10 Comments

Filed under At Home

10 responses to “The 2011 Kindle Reading List

  1. Cindy, I’ll have to show this to Norman. He thought Rules of Civility was great, too. You really love the Kindle? I may have to give it a try… Season of Darkness sounds good.

  2. a great year in books! i was quite happy to have made it through about 5 or 6 books this year. i’ve now got the e-book (kindle app on my iPad), perhaps i can improve my list for next year. i loved “winters bone”. will add ‘swamplandia’ to my list…

  3. I love my Kindle (which I bought on your recommendation, remember?). I love never having to agonise over what book(s) to take with me, having a library in the space of a slim book of poetry, having instant access to a book that catches my fancy and access to books I would never dream of buying in physical format, never having to struggle with a big heavy book…I’ve read loads this year, including an “English murder mystery spree” (or two), and have copied and pasted your recommendations for next year’s happy reading. Thanks!

  4. No Kindle, but an iPad which has returned me to the wonderful world of reading – especially on the road. Always glad to get recommendations too! Thanks!

  5. Ellie–Isn’t it funny how much more we’re reading. Everyone thought e-readers would be the death of reading, but for me it’s just the opposite.

  6. PG–What mysteries do you recommend? Have you read P.D. James? Her Adam Dalglish stories are the best–especially Devices and Desires.

  7. DF–Swamplandia was excellent. What else did you particularly like?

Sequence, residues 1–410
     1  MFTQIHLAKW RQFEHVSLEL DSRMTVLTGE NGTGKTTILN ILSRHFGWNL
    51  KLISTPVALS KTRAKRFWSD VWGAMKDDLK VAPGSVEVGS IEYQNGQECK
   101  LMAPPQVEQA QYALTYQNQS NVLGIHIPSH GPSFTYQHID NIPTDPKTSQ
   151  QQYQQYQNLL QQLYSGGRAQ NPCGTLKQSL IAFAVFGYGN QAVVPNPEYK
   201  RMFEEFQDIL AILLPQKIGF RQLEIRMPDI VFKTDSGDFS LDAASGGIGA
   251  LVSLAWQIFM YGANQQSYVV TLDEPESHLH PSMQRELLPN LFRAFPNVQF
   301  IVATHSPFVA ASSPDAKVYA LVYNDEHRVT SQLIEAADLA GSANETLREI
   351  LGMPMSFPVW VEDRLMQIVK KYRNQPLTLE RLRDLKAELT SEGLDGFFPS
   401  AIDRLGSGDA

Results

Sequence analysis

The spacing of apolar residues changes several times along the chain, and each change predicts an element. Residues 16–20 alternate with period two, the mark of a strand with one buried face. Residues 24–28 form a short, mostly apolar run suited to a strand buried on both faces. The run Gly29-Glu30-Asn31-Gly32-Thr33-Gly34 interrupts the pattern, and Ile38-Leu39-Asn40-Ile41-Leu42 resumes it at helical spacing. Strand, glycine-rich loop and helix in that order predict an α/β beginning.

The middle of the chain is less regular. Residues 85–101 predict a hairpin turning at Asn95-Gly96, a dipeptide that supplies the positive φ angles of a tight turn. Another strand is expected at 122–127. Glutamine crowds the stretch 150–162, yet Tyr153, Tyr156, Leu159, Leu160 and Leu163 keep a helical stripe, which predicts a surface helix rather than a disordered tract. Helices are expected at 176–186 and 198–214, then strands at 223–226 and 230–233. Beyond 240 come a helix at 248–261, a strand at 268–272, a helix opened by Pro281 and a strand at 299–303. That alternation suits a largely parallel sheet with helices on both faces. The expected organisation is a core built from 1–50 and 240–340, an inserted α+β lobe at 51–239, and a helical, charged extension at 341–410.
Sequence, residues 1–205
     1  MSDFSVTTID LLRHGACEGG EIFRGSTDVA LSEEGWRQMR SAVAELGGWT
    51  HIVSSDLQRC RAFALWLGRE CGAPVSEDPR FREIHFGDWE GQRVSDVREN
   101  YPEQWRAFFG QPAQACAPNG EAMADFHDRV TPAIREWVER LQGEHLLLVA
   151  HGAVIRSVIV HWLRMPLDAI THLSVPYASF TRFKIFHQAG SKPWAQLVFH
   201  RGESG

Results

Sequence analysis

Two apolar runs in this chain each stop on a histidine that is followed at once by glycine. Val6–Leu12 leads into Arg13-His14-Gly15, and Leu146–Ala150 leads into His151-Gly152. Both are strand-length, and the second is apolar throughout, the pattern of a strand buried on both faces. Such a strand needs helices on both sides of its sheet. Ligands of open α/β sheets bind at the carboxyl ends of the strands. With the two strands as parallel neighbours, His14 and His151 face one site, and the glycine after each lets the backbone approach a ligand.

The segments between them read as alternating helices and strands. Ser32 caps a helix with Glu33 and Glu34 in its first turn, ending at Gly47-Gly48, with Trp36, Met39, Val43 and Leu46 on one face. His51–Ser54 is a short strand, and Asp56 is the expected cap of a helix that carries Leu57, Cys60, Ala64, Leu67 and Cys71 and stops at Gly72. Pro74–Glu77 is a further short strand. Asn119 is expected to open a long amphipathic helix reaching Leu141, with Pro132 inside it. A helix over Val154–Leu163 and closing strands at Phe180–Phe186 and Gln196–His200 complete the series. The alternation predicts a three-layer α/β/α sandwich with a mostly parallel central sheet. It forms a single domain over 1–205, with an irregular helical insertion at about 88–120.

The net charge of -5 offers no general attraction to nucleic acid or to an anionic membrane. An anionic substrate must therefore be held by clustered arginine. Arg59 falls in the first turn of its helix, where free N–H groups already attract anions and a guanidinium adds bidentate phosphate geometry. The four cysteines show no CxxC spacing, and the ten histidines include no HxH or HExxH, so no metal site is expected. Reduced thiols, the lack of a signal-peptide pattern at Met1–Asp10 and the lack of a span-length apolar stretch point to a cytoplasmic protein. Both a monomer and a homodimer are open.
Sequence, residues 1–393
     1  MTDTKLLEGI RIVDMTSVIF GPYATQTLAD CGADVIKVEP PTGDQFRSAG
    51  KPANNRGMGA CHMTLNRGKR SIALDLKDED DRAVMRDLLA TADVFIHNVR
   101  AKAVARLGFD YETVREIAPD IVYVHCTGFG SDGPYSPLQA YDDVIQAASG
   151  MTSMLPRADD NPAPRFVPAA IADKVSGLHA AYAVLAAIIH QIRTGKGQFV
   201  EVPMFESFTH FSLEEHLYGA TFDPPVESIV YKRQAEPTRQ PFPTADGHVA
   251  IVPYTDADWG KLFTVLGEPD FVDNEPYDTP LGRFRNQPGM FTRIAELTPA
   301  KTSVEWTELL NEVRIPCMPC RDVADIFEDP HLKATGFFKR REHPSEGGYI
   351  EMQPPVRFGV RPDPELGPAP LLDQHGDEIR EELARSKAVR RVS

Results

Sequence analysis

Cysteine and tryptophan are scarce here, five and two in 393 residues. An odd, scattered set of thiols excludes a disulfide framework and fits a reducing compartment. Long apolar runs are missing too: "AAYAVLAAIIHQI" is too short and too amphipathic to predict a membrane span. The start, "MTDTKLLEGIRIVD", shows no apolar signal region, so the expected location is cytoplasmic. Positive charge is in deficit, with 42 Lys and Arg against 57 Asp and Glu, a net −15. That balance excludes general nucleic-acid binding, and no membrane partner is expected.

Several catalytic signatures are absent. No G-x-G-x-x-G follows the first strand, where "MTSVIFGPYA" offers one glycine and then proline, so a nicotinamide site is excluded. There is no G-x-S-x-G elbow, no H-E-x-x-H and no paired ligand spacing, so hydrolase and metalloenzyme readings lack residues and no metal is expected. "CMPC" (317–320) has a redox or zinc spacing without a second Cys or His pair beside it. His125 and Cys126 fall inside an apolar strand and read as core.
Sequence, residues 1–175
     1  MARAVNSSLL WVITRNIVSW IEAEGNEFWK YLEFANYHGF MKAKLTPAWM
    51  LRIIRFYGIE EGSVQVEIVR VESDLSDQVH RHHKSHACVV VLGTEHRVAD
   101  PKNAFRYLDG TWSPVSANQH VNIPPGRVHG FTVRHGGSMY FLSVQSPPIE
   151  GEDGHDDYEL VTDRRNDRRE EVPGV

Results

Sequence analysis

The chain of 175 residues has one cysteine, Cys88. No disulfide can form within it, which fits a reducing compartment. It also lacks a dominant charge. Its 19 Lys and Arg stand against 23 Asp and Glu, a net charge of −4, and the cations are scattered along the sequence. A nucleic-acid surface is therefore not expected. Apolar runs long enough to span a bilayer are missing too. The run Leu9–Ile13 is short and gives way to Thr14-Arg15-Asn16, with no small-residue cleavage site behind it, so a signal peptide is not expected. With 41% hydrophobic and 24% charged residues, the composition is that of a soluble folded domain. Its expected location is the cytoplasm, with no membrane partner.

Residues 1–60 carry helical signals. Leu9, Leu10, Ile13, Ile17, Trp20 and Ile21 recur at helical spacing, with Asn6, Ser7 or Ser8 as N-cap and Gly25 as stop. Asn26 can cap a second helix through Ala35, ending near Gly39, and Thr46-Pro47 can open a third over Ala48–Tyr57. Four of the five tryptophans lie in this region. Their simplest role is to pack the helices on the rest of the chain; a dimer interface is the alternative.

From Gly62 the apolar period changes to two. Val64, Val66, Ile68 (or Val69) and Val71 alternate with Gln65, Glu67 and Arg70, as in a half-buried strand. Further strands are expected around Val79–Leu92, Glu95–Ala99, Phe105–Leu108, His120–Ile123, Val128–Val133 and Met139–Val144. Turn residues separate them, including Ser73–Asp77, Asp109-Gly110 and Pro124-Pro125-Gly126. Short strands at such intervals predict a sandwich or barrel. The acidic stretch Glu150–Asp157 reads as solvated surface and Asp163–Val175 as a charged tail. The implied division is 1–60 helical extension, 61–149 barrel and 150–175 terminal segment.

8. Susie–I can’t believe how much more I read this year. It’s great–but it has definitely kept me from blogging. Have you posted Norman’s faves? Don’t answer that–I’ll see for myself.

  9. I’ve read a few P.D. James, and will DEFINITELY be reading ‘Death comes to Pemberly’. My English murder mystery spree was John Buchan (39 steps, etc.) and Sapper (Bulldog Drummond, etc.), which I would certainly NEVER have bought as physical books. Written in the first half of the 20th century, they’re full of the jingoism, racism and sexism you would expect, but if you can ignore/accept that as inevitable for their day, they’re charming in their way. Another blogger put me onto Denise Mina, for Glaswegian reality, and I’m currently blasting through the Colin Dexter ‘Inspector Morse’ series. But the best crime writer I discovered this year has to be Jo Nesbo. There will always be a special place in my heart for Miss Marple though.

    I do read other stuff too…Possibly my favourite reading this year has been the six ‘Barchester Towers’ novels, which again, I’d never have read if I hadn’t had the Kindle (complete works of Anthony Trollope for about 99 cents, and I’ve still got another 50 or so novels left to read…).

  10. PG–I have Barchester Towers in the queue and will be checking out Jo Nesbo. Thanks for the recommendation.